Levon Biss Clicks Striking Macro Photos Of Dried Seeds Cracked Open

A photographer named Levon Biss has stunned the art world by releasing the macro interior of dried seeds. Making the best of the collection at Royal Botanic Garden Edinburgh, he has managed to bring the alluring inside details of the once juicy subjects. Not just that, they take the narrative to another level by throwing light on rare species.


Nature continues to be the ground of inspiration for creative souls around. They go ahead exploring its vibrant sphere. Their alluring expedition let them pocket their artistic fascination. Not just that, they step with grace to take their favorites on the canvas of art. However, some of them manage to stand out by taking their amusing sprees to another level. Making an addition to that list, a photographer named Levon Biss has been making waves with some stunning pictures.

Unlike most of his counterparts, Levon does not restrict his artistic spree to celebrating the external beauty of nature. He follows his artistic urge to go deeper into the fascinating elements blooming around. He makes a mark by bringing out the unvisited facets of his subjects through his camera lens. Thus, one can find heart-winning macro shots of insects and plants adorning his art sphere. But this time, he has pushed that narrative to an unprecedented level. Reflecting his photographic flair, he has brought the stirring sides of once juicy seeds to the fore.


Backing his artistic drives in the best way, the beautiful collection of dried seeds at Royal Botanic Garden Edinburgh has ruled his art stream. Forming a part of the carpological archive at the Garden, they inspired his artistic nerves to the full. He lost his heart to their alluring age curves and lines. Their dried pods churned the waves of creativity resting inside him. Grabbing the best shots awaiting around, he went through the collection for hours. Not just that, he also endured hard to get his shot. Their twisted and aged beauty finally got their best side in his pictures.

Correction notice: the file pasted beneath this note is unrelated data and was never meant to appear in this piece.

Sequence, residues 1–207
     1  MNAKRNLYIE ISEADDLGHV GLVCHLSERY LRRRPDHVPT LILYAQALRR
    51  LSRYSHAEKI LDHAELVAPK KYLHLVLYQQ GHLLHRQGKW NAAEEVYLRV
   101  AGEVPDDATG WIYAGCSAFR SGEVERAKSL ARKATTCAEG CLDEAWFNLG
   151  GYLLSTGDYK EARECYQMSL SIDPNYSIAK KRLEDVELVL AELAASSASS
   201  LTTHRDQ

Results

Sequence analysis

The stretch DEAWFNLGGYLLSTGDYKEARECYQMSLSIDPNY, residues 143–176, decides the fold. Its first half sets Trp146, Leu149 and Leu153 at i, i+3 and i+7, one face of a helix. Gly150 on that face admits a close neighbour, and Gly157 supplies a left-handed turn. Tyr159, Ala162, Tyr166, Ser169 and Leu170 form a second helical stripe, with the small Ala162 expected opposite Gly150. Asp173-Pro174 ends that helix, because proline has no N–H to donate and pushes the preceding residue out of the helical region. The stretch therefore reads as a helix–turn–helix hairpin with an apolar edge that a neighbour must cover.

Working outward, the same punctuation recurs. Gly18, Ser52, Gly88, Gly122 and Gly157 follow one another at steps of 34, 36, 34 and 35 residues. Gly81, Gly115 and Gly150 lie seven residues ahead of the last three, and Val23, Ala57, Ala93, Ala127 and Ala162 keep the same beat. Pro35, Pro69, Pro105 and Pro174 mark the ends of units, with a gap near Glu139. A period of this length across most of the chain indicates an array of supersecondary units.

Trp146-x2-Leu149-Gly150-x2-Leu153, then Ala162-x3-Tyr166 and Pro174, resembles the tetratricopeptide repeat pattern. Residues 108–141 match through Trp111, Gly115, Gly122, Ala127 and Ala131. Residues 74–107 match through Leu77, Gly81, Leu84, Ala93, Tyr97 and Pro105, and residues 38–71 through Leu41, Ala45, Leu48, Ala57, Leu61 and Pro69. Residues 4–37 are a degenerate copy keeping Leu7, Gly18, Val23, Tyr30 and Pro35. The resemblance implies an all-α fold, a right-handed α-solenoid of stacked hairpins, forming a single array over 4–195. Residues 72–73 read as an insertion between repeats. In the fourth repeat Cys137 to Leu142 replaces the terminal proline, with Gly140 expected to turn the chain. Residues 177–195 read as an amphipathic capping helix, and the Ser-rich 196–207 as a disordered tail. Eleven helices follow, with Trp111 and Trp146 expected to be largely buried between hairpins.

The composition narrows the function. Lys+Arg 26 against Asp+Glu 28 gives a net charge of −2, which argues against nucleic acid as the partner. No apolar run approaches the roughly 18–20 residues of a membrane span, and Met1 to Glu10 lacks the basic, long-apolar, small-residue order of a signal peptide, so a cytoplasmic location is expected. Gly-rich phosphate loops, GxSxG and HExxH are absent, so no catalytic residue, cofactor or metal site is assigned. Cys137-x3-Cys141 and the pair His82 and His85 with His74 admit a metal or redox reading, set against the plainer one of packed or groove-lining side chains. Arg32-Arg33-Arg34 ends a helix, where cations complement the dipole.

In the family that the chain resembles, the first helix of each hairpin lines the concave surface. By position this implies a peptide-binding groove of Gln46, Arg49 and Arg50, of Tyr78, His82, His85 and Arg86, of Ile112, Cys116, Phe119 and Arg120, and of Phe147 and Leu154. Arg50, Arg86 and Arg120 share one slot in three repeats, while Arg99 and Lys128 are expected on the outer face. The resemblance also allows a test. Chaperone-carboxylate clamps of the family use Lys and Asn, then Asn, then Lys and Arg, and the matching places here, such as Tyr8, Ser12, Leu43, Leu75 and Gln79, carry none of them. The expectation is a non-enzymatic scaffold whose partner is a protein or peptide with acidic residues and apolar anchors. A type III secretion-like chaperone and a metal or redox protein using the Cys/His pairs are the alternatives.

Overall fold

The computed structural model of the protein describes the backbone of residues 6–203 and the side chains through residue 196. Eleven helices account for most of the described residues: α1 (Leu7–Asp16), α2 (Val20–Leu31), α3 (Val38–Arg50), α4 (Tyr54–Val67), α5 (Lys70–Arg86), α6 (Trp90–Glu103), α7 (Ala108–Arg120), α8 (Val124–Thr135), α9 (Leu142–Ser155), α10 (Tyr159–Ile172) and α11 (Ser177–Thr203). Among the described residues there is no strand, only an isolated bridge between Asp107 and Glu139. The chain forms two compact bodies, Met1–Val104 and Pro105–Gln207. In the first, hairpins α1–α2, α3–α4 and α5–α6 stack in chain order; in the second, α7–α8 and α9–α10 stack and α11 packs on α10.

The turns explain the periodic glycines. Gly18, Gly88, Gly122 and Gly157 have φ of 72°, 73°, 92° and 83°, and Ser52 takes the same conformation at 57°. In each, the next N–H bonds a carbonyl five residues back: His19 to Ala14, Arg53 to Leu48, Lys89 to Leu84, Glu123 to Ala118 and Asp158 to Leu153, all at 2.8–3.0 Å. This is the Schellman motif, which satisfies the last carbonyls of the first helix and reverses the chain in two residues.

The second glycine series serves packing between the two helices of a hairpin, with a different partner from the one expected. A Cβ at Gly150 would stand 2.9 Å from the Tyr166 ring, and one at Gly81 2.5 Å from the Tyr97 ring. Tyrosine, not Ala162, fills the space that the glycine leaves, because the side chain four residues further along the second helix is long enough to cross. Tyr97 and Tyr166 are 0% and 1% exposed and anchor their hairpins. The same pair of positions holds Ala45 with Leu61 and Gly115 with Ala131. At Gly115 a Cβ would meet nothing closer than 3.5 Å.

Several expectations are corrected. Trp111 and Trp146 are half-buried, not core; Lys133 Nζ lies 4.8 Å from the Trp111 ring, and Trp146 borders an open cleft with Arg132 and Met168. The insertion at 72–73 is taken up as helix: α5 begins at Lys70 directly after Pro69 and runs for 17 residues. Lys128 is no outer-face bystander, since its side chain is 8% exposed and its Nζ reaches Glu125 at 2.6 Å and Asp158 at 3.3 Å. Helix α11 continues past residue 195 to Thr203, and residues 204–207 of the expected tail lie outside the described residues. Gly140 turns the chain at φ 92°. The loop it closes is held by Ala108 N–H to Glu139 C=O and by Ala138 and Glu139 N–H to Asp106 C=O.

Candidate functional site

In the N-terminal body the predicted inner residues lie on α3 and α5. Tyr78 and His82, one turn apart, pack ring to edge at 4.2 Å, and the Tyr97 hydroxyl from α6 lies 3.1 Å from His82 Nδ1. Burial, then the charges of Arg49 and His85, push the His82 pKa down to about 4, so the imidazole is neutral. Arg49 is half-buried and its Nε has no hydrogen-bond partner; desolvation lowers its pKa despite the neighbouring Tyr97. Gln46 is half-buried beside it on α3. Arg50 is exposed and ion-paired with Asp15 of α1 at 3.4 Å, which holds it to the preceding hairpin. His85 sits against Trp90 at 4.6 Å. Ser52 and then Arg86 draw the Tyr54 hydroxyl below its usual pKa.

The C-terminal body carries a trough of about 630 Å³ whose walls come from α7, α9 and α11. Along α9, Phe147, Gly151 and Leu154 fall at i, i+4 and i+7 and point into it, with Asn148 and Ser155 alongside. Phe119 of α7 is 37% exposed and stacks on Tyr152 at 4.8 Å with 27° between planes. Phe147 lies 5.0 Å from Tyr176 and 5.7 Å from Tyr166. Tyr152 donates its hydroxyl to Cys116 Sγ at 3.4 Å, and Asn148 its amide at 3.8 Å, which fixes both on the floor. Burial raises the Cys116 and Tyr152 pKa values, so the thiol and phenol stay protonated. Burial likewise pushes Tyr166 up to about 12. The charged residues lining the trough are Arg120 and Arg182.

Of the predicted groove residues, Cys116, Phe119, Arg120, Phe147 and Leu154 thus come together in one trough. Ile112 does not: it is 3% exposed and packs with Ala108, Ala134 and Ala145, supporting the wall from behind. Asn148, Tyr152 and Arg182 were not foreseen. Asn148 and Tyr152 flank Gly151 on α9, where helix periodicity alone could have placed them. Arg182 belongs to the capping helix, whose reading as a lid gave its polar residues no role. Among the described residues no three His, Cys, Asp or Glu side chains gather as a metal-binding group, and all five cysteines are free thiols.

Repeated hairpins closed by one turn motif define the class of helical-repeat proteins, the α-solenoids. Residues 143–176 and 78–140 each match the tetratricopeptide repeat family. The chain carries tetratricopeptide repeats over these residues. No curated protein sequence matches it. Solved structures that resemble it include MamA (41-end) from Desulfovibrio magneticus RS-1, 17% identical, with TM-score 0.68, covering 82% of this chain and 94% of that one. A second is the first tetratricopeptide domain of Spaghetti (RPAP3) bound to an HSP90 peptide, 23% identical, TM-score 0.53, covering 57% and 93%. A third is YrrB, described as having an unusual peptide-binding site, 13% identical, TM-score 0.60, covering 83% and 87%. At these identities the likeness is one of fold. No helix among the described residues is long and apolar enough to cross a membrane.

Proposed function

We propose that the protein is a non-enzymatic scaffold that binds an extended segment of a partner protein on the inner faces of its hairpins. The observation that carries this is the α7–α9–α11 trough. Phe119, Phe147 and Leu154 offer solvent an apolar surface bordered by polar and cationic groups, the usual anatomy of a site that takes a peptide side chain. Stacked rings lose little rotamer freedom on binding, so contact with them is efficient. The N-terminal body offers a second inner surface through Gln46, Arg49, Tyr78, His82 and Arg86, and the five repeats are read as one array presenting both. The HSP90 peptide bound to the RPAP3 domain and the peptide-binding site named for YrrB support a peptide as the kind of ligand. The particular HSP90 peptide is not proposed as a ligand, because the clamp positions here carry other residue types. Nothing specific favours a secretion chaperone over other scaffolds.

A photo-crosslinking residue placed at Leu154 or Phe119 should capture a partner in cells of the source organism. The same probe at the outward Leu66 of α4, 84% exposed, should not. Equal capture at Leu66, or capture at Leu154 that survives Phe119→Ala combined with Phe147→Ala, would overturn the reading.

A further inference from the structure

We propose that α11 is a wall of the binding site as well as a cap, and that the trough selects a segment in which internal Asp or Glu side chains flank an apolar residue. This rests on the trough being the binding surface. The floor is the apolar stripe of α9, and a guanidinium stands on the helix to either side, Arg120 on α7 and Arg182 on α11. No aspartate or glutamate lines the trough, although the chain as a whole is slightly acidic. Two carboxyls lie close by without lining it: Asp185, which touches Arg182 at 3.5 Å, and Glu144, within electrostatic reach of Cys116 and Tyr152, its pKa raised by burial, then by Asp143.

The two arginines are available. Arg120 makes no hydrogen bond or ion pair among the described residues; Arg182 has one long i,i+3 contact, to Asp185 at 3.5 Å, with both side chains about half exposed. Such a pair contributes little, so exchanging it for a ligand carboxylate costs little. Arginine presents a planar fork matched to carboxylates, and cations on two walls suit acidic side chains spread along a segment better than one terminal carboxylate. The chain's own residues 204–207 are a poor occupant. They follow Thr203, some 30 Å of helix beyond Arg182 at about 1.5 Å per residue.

He has succeeded his bringing out their internal details at their best. Not just that, his pictures have added to the line of fascination by unveiling the charm of rare species. They go on mirroring the green and juicy wealth that was present during their time. Adding to that, they also let one catch the evolution and transformation winds that blow continuously.


A similar line of fascination runs through 117 photographs that he clicked from 100 individual pieces per species in the collection. Arranging the best in kind peep into the scenario, he has compiled his efforts in his book titled: ‘The Hidden Beauty of Seeds & Fruits’.

Shedding light on his efforts, he shared, “I tried to make sure all methods were included in the overall edit so that the work becomes an educational tool, not just pretty pictures.” Adding to that, he said, “Each specimen is contained within a small box, and sometimes, you would find a handwritten note on a scrap of paper where the botanist provided a visual description of the surroundings where the specimen was found. Some of these specimens are over 100 years old, and reading these very personal notes made me wonder what the botanist had to go through to find that specimen. What were their traveling conditions like? What did they have to endure to bring the specimen back to Edinburgh? Reading these notes gave me a connection with the botanist and was certainly one of my personal highlights of the project.”